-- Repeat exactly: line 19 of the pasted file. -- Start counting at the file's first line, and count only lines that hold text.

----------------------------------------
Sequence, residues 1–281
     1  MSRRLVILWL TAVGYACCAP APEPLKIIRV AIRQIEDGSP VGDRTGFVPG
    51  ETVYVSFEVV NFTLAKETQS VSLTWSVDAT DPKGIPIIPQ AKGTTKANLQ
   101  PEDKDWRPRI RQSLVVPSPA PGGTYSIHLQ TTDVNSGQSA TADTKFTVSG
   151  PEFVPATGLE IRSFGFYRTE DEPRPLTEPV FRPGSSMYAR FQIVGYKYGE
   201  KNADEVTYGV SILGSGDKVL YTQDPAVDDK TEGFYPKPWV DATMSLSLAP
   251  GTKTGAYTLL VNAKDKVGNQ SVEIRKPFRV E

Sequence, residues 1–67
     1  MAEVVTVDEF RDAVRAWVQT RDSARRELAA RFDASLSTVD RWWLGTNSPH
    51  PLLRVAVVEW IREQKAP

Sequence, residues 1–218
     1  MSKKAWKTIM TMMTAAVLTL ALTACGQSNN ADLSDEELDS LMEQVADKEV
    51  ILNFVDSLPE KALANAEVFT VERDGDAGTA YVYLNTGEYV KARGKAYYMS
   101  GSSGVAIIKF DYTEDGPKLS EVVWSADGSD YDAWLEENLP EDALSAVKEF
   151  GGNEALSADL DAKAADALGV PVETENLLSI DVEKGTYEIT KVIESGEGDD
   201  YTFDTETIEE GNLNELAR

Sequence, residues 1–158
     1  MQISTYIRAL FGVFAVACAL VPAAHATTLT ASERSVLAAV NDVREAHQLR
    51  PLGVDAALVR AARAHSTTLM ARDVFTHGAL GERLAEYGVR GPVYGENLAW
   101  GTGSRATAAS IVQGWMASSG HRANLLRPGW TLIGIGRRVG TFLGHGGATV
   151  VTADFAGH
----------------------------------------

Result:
    51  PLGVDAALVR AARAHSTTLM ARDVFTHGAL GERLAEYGVR GPVYGENLAW